The latter, decked out in yellow are always the most vocal!
I have got to know a few of them and like all the others they are a good bunch (and very patient with my masticated Spanish!)
But why the fascination with all things of 5-sides?
It’s all down to “El Pentagonito” (little Pentagon), the main Army Intelligence HQ in neighbouring San Borja.
It is a bit of a magnet for runners and a place I like/don’t like in equal doses. (I’m becoming such a grumpy old git!)
Basically it is surrounded by pavements which draw in runners, joggers, power-walkers, cyclists and pedestrians in their masses. San Borja is quiet a sporty district, the local council dot exercise areas/machines about the place, their are free outdoor-but-undercover dance/aerobics classes going on and free bike hire.
(In my “hood” the main sport is running away from snarling dogs!)
Apart from the three entrances to the secret army base, fifteen car park entrances/exits and three road crossings, it is generally traffic free and it used to be marked with distance signs, which was useful. One lap is about 4.1km and I go there for speedwork (I try!)
However, it gets so busy that it’s not ideal and a local resistance/reluctance to not give way, move nor yield to anybody, ever, makes it a bit “physical”.
I shouldn’t moan. It’s alright and it’s only two miles from my gaff.
I would love to be a sportswear salesman round these parts, as punters are always dressed in All The Gear. Middle-aged blokes walking around in full compression gear, Triathletes in their lycra get-up (it’s a long way from any water, bar a small pond and a fountain), Old dears in expensive tracksuits and full make-up and then scruffy old me!
There is a phone box on one corner and I could never fathom out why there was always a queue. Everybody has a phone these days, don’t they? Then I clocked that it was a weighing machine. People would do a lap, then weigh themselves and then go for some food at a well-placed local Chuck Wagon!
What goes on inside the mystical headquarters? Who knows!
They do have a rather boisterous band who practice every morning at 7am, so just like the Boxercise class at 7am, there’s always plenty of racket!
Hit the road…
No adventures into the hills this week. Time is against me for the RPP Half Marathon and I’m starting to panic, so went on a dawn raid of the six boroughs this morning. Without traffic and people, this mad(dening) city can hold a bit of peace, but only on a Sunday and only very early on!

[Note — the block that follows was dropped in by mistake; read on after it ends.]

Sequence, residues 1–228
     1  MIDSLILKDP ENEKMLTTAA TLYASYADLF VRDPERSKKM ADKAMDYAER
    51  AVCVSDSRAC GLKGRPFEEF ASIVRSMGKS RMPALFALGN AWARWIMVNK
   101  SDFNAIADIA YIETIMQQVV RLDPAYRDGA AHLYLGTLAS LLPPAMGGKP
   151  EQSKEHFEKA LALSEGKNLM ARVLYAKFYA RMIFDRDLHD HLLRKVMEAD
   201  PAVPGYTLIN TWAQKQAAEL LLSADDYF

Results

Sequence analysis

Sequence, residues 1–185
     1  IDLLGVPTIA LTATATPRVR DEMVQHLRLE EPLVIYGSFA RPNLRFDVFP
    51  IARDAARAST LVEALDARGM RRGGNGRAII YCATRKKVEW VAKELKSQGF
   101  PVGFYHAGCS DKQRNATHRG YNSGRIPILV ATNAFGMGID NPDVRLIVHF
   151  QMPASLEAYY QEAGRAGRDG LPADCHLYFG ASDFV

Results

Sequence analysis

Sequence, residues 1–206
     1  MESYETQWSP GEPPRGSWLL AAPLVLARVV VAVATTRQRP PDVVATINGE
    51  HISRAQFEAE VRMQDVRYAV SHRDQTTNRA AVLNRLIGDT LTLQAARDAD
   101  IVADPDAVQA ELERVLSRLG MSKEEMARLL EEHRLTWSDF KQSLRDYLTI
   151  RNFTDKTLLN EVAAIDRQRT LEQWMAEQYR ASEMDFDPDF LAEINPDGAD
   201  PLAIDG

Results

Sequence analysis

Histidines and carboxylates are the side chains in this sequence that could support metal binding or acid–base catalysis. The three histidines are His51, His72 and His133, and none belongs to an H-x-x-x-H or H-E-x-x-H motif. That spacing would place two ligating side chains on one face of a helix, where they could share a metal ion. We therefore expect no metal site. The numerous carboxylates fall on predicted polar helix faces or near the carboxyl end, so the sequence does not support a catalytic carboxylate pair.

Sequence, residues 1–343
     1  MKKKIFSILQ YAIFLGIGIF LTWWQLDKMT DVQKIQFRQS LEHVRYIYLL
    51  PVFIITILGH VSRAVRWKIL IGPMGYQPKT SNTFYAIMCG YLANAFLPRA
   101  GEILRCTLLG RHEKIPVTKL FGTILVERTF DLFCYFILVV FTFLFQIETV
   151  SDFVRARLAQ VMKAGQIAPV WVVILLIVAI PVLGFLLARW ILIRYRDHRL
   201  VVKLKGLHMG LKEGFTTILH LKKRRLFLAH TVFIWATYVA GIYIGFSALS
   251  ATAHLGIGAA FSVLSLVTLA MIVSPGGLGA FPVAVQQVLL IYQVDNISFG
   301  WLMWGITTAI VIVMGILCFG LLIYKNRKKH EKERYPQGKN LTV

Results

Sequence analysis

From Salamance (district of Ate. Pronounced ”A-tay“, not something you’ve just eaten) to sporty San Borja, to swanky San Isidro. Where/how the other half live!
I did a lap of the very exclusive golf course and swerved in between other runners who looked like they had come from a Men’s Health/Runner’s World photo shoot! One day I will smarten myself up, or maybe not.
From the leafy suburb of high-rise penthouses I headed back towards the jungle, into Lince (where the whole of the straight-as-a-die Avenida Arequipa is actually shut on Sundays, for the benefit of runners, cyclists, skaters, skateboarders and pogo-stickers). The importance of sport is slowly growing here.
I then risked my bony a$$ cutting through a ropey part of La Victoria, where luckily most hounds were still sleeping and finally across the Panamericana into Salamanca, and home!
13 miles in the bag before brekkie, I would have much sooner been lost in yonder mountains.
All my running mates here are bound for the MUT next week, I’m working
3 weeks for me ’til the grand RPP Pavement Plod!
Until then here is a tune by the Ex-Brazilian left-back who has a surprisingly good voice for a footballer!
Peppa and Trainspotting!
Sunday arvo was spent with the two wee ladies. I’d been promising to take them to “El Parque de Amistad” (Friendship Park) for yonks, so we did.
Not sure who was more excited about the train ride!
There is a miniature train which the Nipper loves and there was also a Peppa Pig show (which she wasn’t keen on!) I was watching the pram outside, but Lina said that a giant robotic Peppa scared most of the kids in the first 2mins of the show, so it was a brief experience!
The sun was out and the place was rammed, so we had some tucker and went home.
“You can not stop a dream!”
I absolutely love low-tech budget travel.
Why? Because normal people can do it.
You don’t need a billion dollar budget, nor a back-up crew, just do it!
I saw a news report about this intrepid explorer a few years back.
Filippo Dattola bought a $400 Toyota Corolla in Canada and drove it to Ushuaia, on the southernmost tip of southern Argentina. This is worth a watch
Have a week overflowing with awesomeness.
Johnny, Lina & the Nipper
p.s. Next week I’ll be asking myself the question “Do I need to join the 21st century and change my 20yr old Nokia for a smartphone?”
Plus, Trigger Happy TV is back, very soon ;-)